Now we were a unit of six!
I wanted to let you know that we have a couple of new additions to the website today and we wanted to share them with you:
-Our MP3 player is up and running! Please visit the Music page to listen to our first of currently EIGHT Procovery songs, Just Start Anywhere! To learn more about the Procovery song, Just Start Anywhere, please visit the Podcasts page and listen to Procovery Podcasts #1 and 2!
-We have started a new Podcast series! Please visit the Podcasts page to listen to the 1st in our new series â Procovery: Through My Eyes. This series will be an ongoing, but occasional, addition to the current Procovery podcasts. The Through My Eyes series will consist of interviews with individuals who have real life experience with Procovery. It will be a snapshot into Procovery, seen through their eyes. This Podcast features Mickie McDowell, Procovery Circle Facilitator and Forum Facilitator currently working in the state of Missouri.
As always, please stay tuned for new updates and additions to the site, including new songs, podcasts, quotes and blogsâ¦ all are coming soon! We greatly value your feedback and very much appreciate hearing from all of you and regret if we are unable to send a response. We are hoping that more and more of your questions will be answered on the FAQs pageâ¦ As always, feel free to contact us by visiting the Contact Us pageâ¦ and have a wonderful day!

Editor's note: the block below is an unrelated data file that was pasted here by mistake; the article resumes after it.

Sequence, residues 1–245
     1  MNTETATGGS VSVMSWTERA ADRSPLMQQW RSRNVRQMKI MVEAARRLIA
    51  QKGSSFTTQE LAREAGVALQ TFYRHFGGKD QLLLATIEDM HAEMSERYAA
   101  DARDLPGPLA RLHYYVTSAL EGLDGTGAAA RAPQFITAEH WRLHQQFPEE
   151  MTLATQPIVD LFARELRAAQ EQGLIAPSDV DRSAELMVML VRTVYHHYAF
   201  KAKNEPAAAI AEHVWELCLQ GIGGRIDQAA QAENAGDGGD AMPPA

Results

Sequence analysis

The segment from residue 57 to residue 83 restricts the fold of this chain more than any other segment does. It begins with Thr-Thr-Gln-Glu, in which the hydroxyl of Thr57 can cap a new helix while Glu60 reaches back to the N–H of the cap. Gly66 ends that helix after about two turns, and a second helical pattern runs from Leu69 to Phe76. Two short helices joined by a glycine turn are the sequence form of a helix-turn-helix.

-Acasia, Procovery Program Manager
I still want to write about hoops and chemistry, but Iâm not sure how soon I will get to thisâ¦ The last couple of weeks have been an exhausting roller coaster. More about that later! In the meantime, please consider checking out our new podcast! It is about 7 minutes long and is about empathy and bedside manner.
One of the exciting things about where we are at with the Procovery program, to date, is that we will soon be resuming training! For several years now the lionâs share of our work has been final stage testing of systemic implementation of the Procovery program. We have now completed this process (hubba hubba ding ding!) and we can return to many of the other important aspects of Procovery, including training!
Any surgery carries risks and brain surgery certainly scared us. Different doctors had come up with different suggestions as to what might be going on, and we were anxious to hear that Randy was in the recovery room.
Randy went in to surgery very early in the AM and by early afternoon I was growing over-the-top anxious. Randy went in to this emergency surgery with his characteristic strength, focus, determination and gentleness. I couldnât wait to get back in the same room with him, and hold his hand, and tell him I love him.